Quote:
(October 5, 2021 at 6:03 pm)polymath257 Wrote: Which we know happens in reality in quantum systems. There is no 'reason' why electron-positron pairs appear out of nothing, exist for a while, and disappear again.

Gosh.. not this again. QM violates determinism, not causality. Besides, as I explained pages ago, an object or particle in QM should be redefined because it doesn't have the same nature as in classical mechanics, QM incorporates probabilistic reasoning. When everything is defined properly, there is no violation of causality.

Then, please describe *exactly* what you mean when you say one event causes another. And, in particular, detail how the time of a muon decay is caused under your understanding.
Quote:
(October 5, 2021 at 6:03 pm)polymath257 Wrote: And I am saying the universe potentially didn't begin to exist. If it is a consistent possibility for your god, then it is also consistent for the universe.

You're not really comparing like with like, you know... God is purportedly timeless, the universe is not.

I disagree. Time is part of the universe. It is *within* the universe. The universe is a four dimensional spacetime manifold.

But that means that the universe as a whole is timeless. it simply exists. All causality is *within* it.
Quote:
(October 5, 2021 at 6:03 pm)polymath257 Wrote: On the contrary, it is unreasonable to think that something as complicated as a lawgiver (especially one that is conscious) can exist without physical laws.

Um.. what? 

The physical laws describe the physical world by definition, that's what 'physical' means. A lawgiver obviously is not physical ... so?

But what does it mean to be physical?

Physical laws describe the behavior of things. We then say that the things they describe are physical. So, the reason electromagnetic waves are physical is that they interact with things in a regular way. That is what allows us to write down physical laws.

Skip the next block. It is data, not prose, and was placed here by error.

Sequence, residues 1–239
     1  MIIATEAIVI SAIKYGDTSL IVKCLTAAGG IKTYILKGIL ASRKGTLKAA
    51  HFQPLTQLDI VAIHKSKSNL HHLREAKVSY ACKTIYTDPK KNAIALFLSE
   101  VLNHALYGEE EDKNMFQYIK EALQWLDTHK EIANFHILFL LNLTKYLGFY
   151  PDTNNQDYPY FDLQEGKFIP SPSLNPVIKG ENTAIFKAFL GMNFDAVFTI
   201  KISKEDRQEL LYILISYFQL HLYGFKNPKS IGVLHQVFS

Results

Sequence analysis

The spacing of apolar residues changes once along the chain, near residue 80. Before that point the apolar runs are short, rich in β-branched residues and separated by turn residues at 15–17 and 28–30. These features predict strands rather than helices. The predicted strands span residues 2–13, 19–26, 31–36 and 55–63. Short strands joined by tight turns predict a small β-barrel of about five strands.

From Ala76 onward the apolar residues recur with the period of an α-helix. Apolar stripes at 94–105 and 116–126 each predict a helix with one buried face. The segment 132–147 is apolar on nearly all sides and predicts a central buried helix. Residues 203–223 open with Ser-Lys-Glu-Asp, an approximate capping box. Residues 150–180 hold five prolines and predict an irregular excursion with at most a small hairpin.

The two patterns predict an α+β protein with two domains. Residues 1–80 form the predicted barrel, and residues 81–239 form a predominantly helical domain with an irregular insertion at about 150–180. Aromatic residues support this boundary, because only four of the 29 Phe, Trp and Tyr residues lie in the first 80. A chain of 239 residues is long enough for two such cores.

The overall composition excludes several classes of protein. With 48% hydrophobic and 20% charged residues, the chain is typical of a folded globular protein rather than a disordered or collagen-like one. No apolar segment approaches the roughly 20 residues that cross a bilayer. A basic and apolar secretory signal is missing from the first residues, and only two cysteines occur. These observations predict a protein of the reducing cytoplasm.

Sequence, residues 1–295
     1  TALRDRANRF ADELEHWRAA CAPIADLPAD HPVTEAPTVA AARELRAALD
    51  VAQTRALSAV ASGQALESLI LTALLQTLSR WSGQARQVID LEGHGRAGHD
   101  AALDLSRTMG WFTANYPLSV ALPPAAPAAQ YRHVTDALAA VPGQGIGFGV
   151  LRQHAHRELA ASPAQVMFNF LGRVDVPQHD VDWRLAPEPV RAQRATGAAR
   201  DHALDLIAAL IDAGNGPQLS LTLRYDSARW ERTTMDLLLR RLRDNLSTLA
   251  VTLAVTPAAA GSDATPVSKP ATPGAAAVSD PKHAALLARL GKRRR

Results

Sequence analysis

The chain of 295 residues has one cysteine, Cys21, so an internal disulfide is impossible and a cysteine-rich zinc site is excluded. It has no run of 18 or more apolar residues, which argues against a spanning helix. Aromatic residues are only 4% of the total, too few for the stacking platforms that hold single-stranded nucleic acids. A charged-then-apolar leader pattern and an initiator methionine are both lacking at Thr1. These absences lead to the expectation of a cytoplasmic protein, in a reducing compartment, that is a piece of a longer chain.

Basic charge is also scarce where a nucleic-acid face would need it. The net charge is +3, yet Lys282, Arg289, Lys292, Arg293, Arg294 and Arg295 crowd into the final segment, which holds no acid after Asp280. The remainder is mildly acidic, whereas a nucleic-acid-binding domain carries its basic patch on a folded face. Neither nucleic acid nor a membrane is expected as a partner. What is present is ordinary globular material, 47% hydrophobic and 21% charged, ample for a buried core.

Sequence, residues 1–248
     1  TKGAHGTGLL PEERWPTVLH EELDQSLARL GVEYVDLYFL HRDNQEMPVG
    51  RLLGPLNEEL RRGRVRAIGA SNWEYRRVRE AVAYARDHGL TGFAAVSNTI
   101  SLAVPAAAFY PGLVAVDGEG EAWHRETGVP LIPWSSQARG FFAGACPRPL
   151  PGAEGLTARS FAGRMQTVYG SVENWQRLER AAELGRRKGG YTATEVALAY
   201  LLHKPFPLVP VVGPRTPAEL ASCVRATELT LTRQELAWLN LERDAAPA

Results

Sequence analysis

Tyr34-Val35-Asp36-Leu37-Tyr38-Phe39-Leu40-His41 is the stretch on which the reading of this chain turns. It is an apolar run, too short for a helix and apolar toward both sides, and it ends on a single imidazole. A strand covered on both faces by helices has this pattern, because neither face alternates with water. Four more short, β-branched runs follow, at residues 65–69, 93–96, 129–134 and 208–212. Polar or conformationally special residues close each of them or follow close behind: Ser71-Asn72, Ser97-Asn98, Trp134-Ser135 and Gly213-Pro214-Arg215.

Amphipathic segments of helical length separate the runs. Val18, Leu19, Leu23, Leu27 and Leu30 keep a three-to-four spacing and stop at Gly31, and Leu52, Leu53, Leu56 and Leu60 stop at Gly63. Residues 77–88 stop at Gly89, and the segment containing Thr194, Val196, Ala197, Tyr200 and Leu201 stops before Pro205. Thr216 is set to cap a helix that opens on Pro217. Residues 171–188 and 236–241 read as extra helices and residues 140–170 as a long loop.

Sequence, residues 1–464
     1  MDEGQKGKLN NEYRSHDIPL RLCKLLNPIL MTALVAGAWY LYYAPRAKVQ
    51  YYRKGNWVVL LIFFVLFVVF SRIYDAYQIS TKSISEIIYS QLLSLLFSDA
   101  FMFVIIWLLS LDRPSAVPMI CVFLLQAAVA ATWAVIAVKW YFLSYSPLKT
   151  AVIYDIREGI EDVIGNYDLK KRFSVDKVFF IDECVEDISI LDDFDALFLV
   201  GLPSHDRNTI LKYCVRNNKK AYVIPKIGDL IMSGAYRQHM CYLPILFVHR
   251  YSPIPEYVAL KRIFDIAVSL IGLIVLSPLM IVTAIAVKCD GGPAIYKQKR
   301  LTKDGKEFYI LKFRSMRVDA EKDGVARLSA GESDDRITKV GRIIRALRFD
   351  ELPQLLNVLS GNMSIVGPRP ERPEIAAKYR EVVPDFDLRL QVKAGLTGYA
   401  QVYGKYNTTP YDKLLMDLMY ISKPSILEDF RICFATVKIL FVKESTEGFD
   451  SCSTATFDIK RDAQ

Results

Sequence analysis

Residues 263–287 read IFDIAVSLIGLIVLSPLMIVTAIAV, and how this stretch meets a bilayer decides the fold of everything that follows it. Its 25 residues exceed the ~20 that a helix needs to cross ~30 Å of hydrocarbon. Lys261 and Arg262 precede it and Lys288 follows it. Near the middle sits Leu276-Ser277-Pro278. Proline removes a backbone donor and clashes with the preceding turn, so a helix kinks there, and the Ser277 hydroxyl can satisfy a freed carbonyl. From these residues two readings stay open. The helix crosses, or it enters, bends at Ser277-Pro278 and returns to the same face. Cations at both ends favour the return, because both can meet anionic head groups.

A designer has to obey some sort of 'laws of behavior'. And those laws of behavior would be the physical laws for that designer.

there must be a *method* by which the designer puts the design into practice. And that method is, again, a set of behaviors of the materials, and is thereby a set of physical laws.

Remember, physical laws are *descriptive* and not *prescriptive*. that means that *anything* that has patterned behavior is subject o physical laws: the patterns *are* physical laws.
Reply
RE: Atheism and the existence of peanut butter
The problem is, they want this imaginary law giver to be made of nothing while at the same time capable of doing anything.

Even in this sentence, I used the word capable, which implies an ability, which implies something that has properties.

The only way something can have a property is if that property is described by existing physical laws.
Insanity - Doing the same thing over and over again, expecting a different result
Reply
RE: Atheism and the existence of peanut butter
(October 5, 2021 at 5:45 pm)Jehanne Wrote: How could a God that exists out of time do anything?  

Incredulity. Just because you can't imagine some action taking place independently of time doesn't mean it's impossible.

(October 5, 2021 at 5:45 pm)Jehanne Wrote:  How could a God who experiences no time ever decide to change his/her/its mind and do anything? 

A deity doesn't change its mind. If it did, it wouldn't be a deity.

(October 5, 2021 at 5:45 pm)Jehanne Wrote: By the way, no physicist from over the last century has had any intrinsic issues with the Cosmos being an actual infinite, either in space or time.

Can you cite some sources supporting what's above? 

(October 6, 2021 at 8:21 am)Nomad Wrote: This line flgrantly ignores the fact that if your god exists and does what you say he does, there can be no "natural laws".  For your god is allegedly all powerful and all knowing (how both of these are impossible in the same reality is another problem), and natural laws are constraints which make both properties impossible for a being to hold.

This is ridiculous. Natural laws don't apply to a god who is purportedly outside of the universe. Also, this old retarded claim (omnipotence and omniscient being logically incompatible) has been debunked repeatedly. If god knows what he's about to do, he will never change it -a deity doesn't change its mind, because it "gets everything right" without the need of trial and error. Changing one's mind and second-guessing are purely human mental operations, extrapolating them to God is not very clever.